Viewpoint

09 December, 2005
Anne Bruce
Page 10 

Anne Bruce

Two dead baby mice being found in an own-label loaf you have supplied to a major supermarket customer must be right up there among the top 10 worst things that could happen to a plant baker.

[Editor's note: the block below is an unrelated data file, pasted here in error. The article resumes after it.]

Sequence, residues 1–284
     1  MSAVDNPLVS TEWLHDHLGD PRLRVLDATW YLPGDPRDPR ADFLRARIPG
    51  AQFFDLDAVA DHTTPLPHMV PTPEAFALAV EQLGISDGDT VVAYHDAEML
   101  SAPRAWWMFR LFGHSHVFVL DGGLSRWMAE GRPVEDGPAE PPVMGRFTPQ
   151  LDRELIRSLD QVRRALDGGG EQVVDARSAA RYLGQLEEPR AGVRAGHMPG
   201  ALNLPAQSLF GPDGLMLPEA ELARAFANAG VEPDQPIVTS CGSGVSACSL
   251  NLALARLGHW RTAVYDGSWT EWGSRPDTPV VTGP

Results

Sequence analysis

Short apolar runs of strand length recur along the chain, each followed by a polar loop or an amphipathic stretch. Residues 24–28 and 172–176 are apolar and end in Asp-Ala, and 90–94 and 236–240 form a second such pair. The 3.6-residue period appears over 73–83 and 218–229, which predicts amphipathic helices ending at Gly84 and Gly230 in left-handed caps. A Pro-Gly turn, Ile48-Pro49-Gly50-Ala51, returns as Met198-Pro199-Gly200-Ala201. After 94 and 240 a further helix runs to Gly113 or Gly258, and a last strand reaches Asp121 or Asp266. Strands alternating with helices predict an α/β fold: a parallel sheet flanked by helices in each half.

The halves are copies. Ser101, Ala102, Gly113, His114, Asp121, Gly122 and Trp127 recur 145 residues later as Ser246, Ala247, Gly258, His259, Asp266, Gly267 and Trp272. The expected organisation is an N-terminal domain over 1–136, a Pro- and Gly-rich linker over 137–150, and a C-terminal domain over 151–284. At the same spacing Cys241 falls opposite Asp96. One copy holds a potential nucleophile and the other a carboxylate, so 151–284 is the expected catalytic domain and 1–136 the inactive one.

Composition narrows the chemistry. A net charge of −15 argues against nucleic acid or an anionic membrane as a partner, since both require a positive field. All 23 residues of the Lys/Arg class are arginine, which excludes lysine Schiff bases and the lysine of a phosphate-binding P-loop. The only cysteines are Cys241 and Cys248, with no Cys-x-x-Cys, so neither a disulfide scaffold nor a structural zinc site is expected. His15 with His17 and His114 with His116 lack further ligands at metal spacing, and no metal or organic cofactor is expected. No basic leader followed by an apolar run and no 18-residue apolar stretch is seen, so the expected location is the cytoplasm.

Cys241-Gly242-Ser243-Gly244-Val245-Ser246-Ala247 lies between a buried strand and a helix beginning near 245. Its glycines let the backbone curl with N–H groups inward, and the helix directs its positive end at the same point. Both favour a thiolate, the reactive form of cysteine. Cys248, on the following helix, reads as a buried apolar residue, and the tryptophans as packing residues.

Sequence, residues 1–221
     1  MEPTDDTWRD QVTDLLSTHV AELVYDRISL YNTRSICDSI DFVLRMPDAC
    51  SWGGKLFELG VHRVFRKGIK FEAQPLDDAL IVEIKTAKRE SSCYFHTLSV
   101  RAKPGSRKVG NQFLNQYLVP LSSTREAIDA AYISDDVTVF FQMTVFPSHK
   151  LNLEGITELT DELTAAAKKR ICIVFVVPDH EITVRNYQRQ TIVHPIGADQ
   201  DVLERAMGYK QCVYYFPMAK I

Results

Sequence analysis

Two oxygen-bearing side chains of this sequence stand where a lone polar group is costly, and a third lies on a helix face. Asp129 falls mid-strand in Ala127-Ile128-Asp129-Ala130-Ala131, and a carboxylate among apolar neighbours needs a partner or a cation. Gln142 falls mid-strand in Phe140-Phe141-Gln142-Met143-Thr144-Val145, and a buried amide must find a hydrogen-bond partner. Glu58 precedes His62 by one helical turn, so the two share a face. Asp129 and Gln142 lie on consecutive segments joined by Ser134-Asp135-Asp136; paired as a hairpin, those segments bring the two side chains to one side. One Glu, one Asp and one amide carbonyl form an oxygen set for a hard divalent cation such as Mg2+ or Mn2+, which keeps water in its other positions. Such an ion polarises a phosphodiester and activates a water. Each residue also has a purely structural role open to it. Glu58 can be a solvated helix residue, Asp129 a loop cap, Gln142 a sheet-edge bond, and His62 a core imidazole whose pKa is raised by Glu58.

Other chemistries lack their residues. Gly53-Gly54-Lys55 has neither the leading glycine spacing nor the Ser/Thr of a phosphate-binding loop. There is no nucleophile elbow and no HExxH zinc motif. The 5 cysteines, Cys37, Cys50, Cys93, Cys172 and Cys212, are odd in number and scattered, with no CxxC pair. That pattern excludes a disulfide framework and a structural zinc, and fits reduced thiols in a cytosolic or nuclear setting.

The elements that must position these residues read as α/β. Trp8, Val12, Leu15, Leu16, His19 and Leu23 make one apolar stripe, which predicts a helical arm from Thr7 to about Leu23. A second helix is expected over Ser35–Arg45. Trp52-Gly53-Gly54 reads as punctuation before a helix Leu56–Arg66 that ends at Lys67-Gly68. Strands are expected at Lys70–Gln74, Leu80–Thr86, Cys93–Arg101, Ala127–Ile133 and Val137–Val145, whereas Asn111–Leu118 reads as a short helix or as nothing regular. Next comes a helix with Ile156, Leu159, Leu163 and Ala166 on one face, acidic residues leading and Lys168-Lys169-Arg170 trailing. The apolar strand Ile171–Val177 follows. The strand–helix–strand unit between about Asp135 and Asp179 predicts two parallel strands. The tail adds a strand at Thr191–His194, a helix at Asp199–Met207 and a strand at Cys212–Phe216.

It may sound like the stuff of urban myth, but bizarre as it is, the episode did occur in September 2004.The supermarket in question, Somerfield, and the supplier, British Bakeries, have had over a year to assess what happened, make any necessary changes to procedure, andprepare for the negative publicity that the ensuing court case inevitably generated. And, as what Somerfield admitted was a “nightmare” situation unfolded, the fact the supermarket has stood by its major plant bread supplier must have been a great consolation.The case, which is British Bakeries’ only prosecution on pest control grounds in 10 years, finally conclu-ded this week. The verdict that it had supplied food unfit for human consumption, and the subsequent £7,000 fine, was unsurprising under the circumstances.While the case could be seen as a black mark against British Bakeries – with extra checks and inspections ordered by Somerfield – the continuing supply deal speaks volumes about the supermarket’s conviction that its supplier was the victim of an isolated infestation at its Avonmouth bakery – a circumstance Somerfield is confident will not be repeated.British Bakeries has, of course, apologised to the customer who made the gruesome discovery. But it also stresses the mouse infestation at the bakery was isolated. The fact that baby mice ended up in a loaf is highly unusual in itself. The loaf had been baked and sliced before a mouse entered it. The baby mice were then born in the bread, which also contained droppings. Sabotage has been ruled out.According to pest control experts called in by British Bakeries after the incident, baby mice are laid in nests. The mother mouse must have been disturbed to have burrowed through packaging and placed them in the loaf.While the odds are well stacked against anything like this happening, the news serves as a timely reminder to all bakers that pest control must be a priority and that bakers should ensure efficient measures and regular thorough checks are in place.It is easy to be wise in hindsight, but British Bakeries’ experience suggests it’s a much better idea to act wisely in advance.



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